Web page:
CIO at Bluebird Group
With well over a quarter of a billion residents and a capital city housing more people than London, Indonesia is a market primed for rideshare startups.
These new arrivals are, however, overshadowed by one company that’s been instrumental to the nation’s development, synonymous with both taxicabs and technology.
Jakarta-based Blue Bird Group celebrates 50 years in business this year. Beginning life as a startup in 1972, founder Mutiara Djokosoetono had a specific vision from the outset: to generate a culture that would fully embrace technology.
The company can point to a number of historic firsts – in the 1970s, Bluebird Group was the first transport provider with a call centre in Jakarta. And, making use of one of the earliest mobile tech platforms, the Group worked with BlackBerry’s parent company, Research in Motion, in 1997 to allow people to call for transport using the handset as a data device, rather than simply phoning in the call.
Today, in 2022, the company is continuing this technological journey and heading off competition from more recent startup rideshare companies.
“We are a provider of taxi services, above all, so we make sure the clients receive privileged service,” explains Andoko Wicaksono, CIO of Bluebird Group. “This starts with the ease of ordering a taxi, the promptness and cleanliness of the car, the courtesy of the drivers when they greet the customer, and more.
“In Indonesia, we are very famous on that front – for clean, honest and high-level service.”
Blue Bird Group puts people first with technology
Wicaksono explains that Bluebird Group’s modernisation plans place people firmly at the forefront. With more than 20,000 vehicles and drivers working for the company – in addition to millions of customers – people are an important part of its continued success.
“We are also committed to being secure by design; we’re always thinking about security, how it’s done, and how it works with policies and controls,” says Wicaksono. “Furthermore, we’re agile and committed to continuous improvement. We need to maintain the investment in our people, and the team has to embrace the job.”
Placing trust and reliability at the centre of Bluebird Group’s transformational plans, though, presents a challenge: finding the right balance between customer integrity and providing the best possible services.
“People should be able to trust us to handle their data in a secure manner,” says Wicaksono. “For example, when you submit data on our website or in our apps, we should handle the data correctly and not share it; if we move the data from different environments, we have to be secure.”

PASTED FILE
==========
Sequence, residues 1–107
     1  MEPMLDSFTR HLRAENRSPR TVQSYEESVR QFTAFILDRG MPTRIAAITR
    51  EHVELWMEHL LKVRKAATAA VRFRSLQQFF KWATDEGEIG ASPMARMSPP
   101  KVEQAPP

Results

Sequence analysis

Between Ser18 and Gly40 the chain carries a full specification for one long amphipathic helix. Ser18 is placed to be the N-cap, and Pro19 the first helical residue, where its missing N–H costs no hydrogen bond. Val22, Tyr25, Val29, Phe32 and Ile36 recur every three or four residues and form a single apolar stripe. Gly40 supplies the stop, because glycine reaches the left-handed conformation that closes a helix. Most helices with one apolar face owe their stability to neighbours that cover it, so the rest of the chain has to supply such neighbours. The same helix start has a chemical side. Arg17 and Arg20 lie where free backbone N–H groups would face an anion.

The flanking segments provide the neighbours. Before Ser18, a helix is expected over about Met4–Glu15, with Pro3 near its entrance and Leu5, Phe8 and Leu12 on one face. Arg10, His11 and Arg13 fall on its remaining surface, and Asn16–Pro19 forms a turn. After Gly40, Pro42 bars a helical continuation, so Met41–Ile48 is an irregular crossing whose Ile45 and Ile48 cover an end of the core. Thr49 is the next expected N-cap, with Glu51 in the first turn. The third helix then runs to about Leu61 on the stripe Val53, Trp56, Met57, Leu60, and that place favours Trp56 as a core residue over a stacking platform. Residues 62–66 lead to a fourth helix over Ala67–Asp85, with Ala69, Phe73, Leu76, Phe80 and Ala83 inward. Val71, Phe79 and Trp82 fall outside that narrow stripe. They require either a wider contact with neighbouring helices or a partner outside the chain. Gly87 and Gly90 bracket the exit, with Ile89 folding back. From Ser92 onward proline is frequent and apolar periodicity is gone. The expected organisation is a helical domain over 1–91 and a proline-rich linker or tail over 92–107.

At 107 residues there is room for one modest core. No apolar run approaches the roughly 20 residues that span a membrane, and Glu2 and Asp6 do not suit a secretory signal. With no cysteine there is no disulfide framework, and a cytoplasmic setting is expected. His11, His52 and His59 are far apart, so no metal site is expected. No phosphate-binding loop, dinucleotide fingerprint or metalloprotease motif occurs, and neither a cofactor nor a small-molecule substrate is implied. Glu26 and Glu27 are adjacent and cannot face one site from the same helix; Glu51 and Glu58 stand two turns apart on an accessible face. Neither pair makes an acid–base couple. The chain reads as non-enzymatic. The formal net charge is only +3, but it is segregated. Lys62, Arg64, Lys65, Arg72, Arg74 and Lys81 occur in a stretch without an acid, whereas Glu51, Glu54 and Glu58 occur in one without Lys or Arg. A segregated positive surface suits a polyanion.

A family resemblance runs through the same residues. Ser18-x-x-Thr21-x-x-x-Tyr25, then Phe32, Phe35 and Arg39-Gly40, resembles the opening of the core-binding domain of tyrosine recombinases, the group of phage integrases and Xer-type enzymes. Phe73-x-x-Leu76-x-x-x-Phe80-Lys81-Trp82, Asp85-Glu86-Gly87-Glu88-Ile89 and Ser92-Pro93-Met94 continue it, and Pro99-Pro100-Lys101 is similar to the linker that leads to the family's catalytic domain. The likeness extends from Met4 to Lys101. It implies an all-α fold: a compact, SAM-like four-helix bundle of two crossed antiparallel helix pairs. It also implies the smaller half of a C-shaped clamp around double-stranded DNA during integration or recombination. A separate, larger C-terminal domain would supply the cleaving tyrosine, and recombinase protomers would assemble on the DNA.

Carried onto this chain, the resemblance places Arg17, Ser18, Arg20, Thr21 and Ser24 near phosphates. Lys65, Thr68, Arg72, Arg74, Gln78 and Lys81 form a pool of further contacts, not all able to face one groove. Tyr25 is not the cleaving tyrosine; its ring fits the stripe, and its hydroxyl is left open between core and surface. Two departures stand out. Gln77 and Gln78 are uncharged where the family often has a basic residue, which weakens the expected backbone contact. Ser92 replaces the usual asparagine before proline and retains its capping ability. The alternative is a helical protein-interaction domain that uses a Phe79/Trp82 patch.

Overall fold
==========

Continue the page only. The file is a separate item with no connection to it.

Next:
Bluebird Group already utilises cloud platforms for data storage, but it also has 40 physical sites across Indonesia that must be networked into the company in a secure manner.
“As you can imagine, there are a lot of challenges in managing communications between the sites – particularly the remote sites where communications systems might not be as advanced as in Java,” explains Wicaksono. “So the priority is still security, even though we may sacrifice, for example, speed. But that isn’t that much of a sacrifice, as the infrastructure is improving.”
A passion for programming drives technology ambitions
Wicaksono hails from a technology background – he co-founded London-based Switchlab, which focused on the R&D aspect of telecom technology, then went on to take a range of influential CIO and CTO roles in telecom companies and startups, before joining Blue Bird Group in June 2022.
And his love for technology extends beyond the office, as Wicaksono has built his very own home IT lab to test hardware and software, while having fun at the same time.
“I have a passion for robotics, so I have a number of small robots at home,” grins Wicaksono. “I also have a passion for programming on Python, so I have some Raspberry Pis to help with home automation.”
While the home lab initially grew out of Wicaksono’s curiosity about tech hardware and software, he found that it also helped to effortlessly maintain his excitement for programming and coding, despite the considerable demands on his time from other business areas.
“But family and friends don’t go in my lab,” says Wicaksono with another smile. “It’s my den.”
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